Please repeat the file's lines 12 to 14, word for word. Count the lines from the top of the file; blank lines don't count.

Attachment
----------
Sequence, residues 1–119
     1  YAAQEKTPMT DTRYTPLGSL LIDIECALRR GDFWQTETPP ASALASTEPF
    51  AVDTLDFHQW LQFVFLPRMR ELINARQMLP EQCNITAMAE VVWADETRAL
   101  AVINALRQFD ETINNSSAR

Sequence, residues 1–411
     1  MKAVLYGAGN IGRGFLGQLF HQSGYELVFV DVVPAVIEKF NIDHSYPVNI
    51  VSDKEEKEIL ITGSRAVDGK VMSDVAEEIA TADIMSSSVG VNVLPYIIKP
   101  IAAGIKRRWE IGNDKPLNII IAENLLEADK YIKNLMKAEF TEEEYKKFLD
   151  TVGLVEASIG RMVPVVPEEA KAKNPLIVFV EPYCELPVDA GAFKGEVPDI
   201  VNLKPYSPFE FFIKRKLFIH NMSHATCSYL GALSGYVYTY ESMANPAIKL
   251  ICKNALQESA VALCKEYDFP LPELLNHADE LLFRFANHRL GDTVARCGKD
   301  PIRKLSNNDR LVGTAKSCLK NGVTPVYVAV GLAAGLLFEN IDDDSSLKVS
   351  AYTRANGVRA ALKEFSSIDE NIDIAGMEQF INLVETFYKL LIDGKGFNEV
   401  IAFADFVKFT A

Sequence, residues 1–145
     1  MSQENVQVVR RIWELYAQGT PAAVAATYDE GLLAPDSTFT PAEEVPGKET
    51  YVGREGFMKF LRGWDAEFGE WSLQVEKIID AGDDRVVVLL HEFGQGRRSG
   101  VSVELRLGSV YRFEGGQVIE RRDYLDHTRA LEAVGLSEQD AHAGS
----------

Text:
   301  PIRKLSNNDR LVGTAKSCLK NGVTPVYVAV GLAAGLLFEN IDDDSSLKVS
   351  AYTRANGVRA ALKEFSSIDE NIDIAGMEQF INLVETFYKL LIDGKGFNEV
   401  IAFADFVKFT A